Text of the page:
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    1. i am the absolute *worst* at remembering to do stretches haha, but that's an excellent point and definitely worth trying (esp since mareface is so food motivated lol). the changes in Taran are definitely impressive - i'm hoping that i'll have something similar to show in the next few months too!

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  10. Really the best thing imo is exactly what you are doing: lots of long and low work to build those back muscles, and a saddle that allows for the building of muscle without pinching or getting in the way of using the muscles correctly. And I also second Jen's point. Stretches help a lot. I do them with Val every ride and get all kinds of pops.

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    1. we definitely need more stretching in our lives... isabel's actually pretty good at them, maybe *too* good and i risk losing fingers.... but that shouldn't stop me!

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  11. It sounds like you're doing everything right, Isabel is going to look amazing this spring! :)

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  12. You're making me really appreciate my easy keeping OTTB with a magical (knock on wood) saddle that fits. Phew. Now if only we could turn right...

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    1. yea i'm super jealous of your magically fitting saddle! the easy keeping thing is usually not a problem for us - we just somehow got completely behind the 8 ball this summer... le sigh.

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  13. The stretchy work is absolutely your best friend. Cavaletti/poles will help with the bum too! You are definitely on the right road and I'm sure in a couple months you will start to see some major changes!

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    1. thanks that's absolutely the hope! pole work will resume as soon as they're not buried by snow any more (tho at least we still work on it in our weekly lessons!) and in time we just stretch stretch stretch (or at least try haha)

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  14. I love this post. This isn't something that I really contemplated. I need to take a closer look at Tuckers muscles. I'm very interested to hear all the details of your progress.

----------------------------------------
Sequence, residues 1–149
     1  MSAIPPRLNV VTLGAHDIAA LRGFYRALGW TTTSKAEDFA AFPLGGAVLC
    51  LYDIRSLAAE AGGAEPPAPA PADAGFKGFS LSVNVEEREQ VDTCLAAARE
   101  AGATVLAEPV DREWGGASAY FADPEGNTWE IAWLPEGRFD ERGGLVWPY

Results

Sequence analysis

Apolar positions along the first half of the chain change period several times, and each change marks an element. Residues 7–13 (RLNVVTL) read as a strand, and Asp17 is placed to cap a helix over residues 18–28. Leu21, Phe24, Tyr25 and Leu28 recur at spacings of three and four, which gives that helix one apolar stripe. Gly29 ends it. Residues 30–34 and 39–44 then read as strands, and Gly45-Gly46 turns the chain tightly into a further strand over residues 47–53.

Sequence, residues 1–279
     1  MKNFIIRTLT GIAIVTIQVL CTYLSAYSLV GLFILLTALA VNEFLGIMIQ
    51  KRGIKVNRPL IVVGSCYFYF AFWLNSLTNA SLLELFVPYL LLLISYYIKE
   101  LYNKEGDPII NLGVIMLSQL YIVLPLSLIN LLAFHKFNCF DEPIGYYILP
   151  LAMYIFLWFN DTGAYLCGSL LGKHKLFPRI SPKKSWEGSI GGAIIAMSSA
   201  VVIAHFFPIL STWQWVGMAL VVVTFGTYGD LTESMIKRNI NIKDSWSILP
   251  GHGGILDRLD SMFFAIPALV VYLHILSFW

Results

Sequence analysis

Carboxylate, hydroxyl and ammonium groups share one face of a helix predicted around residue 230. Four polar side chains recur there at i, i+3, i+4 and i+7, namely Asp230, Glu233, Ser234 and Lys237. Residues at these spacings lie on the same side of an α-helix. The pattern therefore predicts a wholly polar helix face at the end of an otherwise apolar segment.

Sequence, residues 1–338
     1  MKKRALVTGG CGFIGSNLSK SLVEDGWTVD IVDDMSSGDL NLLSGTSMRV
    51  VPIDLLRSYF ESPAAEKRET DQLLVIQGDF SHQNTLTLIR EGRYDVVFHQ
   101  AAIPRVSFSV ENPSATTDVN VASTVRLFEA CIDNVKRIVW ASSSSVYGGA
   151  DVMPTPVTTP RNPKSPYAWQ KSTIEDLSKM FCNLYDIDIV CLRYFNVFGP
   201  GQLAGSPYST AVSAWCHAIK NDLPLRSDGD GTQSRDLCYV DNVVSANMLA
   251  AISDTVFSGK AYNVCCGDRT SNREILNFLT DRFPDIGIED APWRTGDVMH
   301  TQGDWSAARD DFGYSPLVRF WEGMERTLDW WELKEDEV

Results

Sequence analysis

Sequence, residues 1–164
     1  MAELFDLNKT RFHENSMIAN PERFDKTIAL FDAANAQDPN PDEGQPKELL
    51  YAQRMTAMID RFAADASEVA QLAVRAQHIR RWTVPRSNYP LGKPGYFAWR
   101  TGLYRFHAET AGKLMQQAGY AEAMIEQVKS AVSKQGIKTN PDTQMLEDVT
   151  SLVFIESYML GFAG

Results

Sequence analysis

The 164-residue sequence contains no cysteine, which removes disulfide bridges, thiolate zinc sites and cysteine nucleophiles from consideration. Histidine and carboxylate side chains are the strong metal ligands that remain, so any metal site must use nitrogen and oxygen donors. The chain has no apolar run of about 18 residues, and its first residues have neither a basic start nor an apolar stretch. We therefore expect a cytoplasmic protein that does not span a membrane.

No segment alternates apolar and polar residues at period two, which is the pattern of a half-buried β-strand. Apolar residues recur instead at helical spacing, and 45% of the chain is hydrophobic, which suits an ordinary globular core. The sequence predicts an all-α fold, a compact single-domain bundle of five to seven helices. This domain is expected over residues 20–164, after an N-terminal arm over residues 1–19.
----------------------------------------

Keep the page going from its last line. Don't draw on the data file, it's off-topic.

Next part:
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    1. hopefully i'll have lots of good details to share! i know very little about the finer points of conformation but i'm trying to learn!!

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  15. I've had a lot of success adding alfalfa pellets to Moe & Gina's diets; Moe especially struggles with keeping on enough weight. (Gina gets kind of fat if she gets TOO much alfalfa.) I also noticed a big difference in Gina's musculature when I had her on Red Cell Competition from Horse Health Products (I'd received a month supply in A Horse Box once). It was expensive, so I didn't keep her on it, but WOW- she packed on the muscle and felt great. She's now on SmartPak's Smart Muscle Recovery Pellets, which have helped maintain her condition and have really helped with stiffness and soreness after work.

    Keep on keepin' on- you'll get Isabel back into good condition! :)

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    1. thanks! we are a-trying!! also, we had a horse that responded super well to red cell too (tho he was super slobbery and it got all over my one horse threads t shirt and stained it - sob!). def worth thinking about tho...

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  16. Agree with a lot of the above- saddle fit and work specifically built around strengthening weak areas.

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    1. yup that seems to be what has worked for most people. go figure lol

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  17. It sounds like you have an excellent plan in place. I love you outing your secret! Haven't we all stolen a little grain every now and again? ;)

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    1. ha thanks, i'm pretty happy with the plan too. and it can hardly be considered stealing - she's a boarder there, after all. it was just an non-disclosed deviation from her assigned feeding regimen ;)